MONTGOMERY — Gov. Kay Ivey has awarded a $29,167 grant to support an Opelika program that guides youthful offenders away from unlawful activities and offers them alternatives that can help lead to successful lives.
Funds to the Curtis House will be used as a major component of the city’s Youth Incarceration Prevention Program in which alternative approaches are taken to keep youthful offenders out of juvenile detention facilities.
“The city of Opelika and the Curtis House have taken a proactive approach to teaching children how to steer from unhealthy temptations and take the necessary steps to become productive adults,” Gov. Ivey said. “I am pleased to support this program which help participants turn their lives around.”
The Curtis House expects to work with at least 80 youthful offenders and provide them with services that address their behavior problems. The program will also assist youth in completing their high school education or obtaining a GED certificate and will work with them to ensure they receive job training.
The non-profit agency interacts with people of all ages and engages them in community projects that will benefit them and other residents.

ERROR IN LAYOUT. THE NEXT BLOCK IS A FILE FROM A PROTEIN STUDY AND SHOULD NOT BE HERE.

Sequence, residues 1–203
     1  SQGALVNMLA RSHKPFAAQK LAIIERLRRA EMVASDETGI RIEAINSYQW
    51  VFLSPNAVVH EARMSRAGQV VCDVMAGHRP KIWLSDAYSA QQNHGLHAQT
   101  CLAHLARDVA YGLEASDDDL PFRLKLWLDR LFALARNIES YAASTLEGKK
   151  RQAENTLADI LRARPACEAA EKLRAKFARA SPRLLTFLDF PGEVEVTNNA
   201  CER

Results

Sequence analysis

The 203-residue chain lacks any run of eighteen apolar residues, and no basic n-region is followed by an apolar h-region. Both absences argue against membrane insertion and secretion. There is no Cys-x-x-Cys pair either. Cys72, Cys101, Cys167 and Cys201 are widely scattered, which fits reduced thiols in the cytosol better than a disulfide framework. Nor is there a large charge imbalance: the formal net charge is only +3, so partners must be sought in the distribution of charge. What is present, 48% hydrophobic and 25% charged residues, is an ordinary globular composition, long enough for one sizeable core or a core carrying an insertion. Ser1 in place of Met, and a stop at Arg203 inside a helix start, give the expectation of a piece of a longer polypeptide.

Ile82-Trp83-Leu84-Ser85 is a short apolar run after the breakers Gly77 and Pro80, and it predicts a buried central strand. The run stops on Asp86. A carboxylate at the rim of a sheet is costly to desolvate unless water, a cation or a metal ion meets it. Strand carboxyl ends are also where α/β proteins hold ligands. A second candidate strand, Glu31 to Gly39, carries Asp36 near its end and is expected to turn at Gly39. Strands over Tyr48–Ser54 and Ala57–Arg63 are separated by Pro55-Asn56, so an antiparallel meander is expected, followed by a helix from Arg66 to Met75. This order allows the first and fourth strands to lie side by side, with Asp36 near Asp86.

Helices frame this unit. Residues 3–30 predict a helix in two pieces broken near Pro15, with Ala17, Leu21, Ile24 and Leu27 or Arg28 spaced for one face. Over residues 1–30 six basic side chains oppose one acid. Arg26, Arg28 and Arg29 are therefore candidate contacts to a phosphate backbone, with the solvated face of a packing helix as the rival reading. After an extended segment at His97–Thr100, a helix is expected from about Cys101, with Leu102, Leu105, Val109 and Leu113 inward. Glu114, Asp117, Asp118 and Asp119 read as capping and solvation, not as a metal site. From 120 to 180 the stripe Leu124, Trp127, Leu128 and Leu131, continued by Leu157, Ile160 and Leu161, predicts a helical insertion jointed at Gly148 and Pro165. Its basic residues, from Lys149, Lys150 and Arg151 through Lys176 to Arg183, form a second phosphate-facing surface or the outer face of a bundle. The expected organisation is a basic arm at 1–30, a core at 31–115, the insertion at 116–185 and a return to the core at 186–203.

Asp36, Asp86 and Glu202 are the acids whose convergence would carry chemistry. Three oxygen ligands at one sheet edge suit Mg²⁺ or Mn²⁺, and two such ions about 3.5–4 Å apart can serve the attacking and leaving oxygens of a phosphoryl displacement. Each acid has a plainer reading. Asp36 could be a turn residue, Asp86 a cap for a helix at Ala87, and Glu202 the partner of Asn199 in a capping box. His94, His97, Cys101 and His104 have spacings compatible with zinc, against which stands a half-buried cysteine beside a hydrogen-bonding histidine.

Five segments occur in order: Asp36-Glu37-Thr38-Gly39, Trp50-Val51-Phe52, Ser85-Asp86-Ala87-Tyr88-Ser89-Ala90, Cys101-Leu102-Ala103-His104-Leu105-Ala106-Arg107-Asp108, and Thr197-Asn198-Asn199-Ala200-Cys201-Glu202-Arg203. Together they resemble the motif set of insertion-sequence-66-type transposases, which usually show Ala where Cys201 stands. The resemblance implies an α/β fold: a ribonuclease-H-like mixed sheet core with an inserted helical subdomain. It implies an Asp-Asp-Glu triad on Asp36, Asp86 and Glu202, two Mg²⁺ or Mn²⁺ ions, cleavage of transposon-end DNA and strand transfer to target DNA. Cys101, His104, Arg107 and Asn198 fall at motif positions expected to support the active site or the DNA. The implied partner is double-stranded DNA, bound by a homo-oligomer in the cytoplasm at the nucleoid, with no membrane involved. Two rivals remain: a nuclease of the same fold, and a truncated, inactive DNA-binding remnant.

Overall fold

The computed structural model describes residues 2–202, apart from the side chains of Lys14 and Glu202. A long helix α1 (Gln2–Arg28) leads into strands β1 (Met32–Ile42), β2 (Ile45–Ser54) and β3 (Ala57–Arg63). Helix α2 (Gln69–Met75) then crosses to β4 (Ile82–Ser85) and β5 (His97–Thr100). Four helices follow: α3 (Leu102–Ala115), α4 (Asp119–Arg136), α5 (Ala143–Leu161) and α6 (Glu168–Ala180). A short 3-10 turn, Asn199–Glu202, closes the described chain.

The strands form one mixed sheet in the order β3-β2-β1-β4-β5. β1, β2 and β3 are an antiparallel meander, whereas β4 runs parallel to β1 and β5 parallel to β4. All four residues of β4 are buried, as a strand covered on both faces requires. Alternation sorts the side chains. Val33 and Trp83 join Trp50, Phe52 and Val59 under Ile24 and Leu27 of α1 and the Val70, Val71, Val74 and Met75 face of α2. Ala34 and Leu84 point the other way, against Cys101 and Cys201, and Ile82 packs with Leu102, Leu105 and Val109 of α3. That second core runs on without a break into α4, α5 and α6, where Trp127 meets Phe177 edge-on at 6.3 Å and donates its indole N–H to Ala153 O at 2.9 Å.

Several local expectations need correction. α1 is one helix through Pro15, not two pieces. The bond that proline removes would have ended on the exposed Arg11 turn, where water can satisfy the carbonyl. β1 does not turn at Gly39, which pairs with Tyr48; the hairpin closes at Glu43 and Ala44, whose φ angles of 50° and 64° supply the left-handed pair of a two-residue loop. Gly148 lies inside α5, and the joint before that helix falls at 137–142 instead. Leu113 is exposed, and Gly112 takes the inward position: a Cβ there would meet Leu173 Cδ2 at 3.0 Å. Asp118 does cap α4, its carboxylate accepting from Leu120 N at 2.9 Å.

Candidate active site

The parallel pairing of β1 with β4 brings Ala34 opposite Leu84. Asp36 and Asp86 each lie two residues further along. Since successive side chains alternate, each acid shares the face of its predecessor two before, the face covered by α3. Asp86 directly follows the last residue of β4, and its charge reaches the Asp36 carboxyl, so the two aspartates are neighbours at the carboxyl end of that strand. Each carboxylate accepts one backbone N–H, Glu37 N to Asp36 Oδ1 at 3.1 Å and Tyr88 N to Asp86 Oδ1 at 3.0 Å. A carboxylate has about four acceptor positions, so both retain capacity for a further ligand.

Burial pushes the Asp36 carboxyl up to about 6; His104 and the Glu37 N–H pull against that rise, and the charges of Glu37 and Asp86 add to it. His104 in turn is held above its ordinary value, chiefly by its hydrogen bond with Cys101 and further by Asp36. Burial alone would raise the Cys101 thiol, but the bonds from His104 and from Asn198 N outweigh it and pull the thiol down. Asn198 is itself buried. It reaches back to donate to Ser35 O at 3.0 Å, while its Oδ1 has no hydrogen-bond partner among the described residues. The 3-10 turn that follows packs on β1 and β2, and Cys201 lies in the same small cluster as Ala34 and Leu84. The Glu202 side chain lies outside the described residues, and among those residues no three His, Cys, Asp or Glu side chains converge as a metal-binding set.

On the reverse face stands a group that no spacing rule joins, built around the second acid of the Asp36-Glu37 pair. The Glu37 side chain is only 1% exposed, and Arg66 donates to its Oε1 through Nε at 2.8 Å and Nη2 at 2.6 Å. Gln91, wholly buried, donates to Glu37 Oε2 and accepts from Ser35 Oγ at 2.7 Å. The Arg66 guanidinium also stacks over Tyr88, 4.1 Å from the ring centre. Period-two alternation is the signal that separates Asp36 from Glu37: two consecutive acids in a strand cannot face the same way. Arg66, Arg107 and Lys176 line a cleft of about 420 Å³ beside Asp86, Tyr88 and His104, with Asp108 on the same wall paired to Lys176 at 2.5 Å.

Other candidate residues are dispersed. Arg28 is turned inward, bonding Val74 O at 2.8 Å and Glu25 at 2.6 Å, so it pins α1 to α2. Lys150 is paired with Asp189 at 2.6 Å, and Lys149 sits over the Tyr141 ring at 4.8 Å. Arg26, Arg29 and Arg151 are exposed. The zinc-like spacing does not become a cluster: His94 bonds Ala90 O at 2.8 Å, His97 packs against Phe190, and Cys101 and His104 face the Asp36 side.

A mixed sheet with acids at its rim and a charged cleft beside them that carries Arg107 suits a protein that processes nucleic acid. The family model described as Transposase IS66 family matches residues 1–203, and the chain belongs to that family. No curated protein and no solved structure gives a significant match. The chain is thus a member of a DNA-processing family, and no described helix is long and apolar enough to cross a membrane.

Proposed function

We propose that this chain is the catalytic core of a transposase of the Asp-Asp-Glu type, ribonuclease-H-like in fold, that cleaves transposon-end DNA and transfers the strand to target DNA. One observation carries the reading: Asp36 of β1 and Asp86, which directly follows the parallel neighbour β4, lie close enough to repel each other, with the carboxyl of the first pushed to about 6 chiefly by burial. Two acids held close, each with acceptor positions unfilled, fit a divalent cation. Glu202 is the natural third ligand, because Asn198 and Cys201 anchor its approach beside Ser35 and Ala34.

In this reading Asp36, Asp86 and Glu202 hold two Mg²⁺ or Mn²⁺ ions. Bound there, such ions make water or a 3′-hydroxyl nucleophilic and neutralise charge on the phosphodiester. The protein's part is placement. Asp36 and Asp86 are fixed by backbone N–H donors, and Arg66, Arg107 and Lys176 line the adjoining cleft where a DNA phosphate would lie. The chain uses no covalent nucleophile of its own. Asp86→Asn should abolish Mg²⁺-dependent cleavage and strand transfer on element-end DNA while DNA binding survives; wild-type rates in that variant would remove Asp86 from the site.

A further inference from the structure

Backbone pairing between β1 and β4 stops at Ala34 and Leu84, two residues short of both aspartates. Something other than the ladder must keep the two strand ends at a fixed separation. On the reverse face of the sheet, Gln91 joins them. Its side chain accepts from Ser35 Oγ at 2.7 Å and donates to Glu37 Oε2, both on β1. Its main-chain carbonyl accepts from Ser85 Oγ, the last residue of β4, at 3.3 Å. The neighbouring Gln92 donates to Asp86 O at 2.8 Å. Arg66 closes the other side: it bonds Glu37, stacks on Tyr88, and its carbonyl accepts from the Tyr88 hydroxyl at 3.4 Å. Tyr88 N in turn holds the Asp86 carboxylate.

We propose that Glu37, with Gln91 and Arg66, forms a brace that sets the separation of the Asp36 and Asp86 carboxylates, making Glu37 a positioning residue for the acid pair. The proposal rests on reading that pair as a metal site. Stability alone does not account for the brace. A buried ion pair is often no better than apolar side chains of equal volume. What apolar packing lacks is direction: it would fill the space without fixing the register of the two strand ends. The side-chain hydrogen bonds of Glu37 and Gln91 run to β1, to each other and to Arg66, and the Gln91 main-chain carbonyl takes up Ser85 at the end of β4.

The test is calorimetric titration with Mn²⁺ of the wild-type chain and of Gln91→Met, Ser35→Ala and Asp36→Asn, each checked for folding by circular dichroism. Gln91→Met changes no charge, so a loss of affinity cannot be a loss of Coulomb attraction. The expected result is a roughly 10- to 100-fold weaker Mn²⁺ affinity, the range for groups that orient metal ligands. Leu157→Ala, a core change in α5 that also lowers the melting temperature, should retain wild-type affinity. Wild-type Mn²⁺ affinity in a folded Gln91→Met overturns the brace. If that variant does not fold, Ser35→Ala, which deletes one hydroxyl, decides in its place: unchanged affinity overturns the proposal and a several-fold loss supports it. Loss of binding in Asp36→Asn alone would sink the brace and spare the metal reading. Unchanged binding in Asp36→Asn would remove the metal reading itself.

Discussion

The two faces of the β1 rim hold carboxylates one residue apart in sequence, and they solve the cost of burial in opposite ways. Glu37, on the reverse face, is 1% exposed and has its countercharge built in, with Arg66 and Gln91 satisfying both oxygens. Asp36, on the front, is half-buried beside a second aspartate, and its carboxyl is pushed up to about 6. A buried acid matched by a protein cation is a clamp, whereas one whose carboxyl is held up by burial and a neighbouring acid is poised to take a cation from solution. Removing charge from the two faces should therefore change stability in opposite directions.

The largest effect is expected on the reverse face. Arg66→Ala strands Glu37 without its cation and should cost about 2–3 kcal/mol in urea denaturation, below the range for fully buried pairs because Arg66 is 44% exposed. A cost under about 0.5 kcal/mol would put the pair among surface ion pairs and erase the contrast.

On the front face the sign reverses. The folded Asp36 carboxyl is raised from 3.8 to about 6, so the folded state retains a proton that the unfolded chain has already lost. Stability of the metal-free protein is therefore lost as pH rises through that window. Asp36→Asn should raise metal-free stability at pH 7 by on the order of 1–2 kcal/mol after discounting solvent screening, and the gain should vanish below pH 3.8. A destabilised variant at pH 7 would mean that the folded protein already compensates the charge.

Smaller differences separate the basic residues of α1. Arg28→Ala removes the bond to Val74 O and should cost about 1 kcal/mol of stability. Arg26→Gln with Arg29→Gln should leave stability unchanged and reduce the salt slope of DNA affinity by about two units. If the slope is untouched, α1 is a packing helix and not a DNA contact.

Gov. Ivey awarded the grant from funds supplied to the state through the U.S. Department of Justice. The Alabama Department of Economic and Community Affairs is administering the award.
“Gov. Ivey knows that without programs like Curtis House that juveniles who commit crimes without that needed intervention are most likely to commit even more serious ones and are likely to spend much of their lives in jails and prisons,” ADECA Director Kenneth Boswell said. “ADECA is pleased to join with the governor in this program that helps provide a positive path for participants.”
ADECA administers a wide range of programs that support law enforcement, victim programs, economic development, water resource management, energy conservation and recreation.
Jim Plott or Mike Presley
ADECA Communications and External Affairs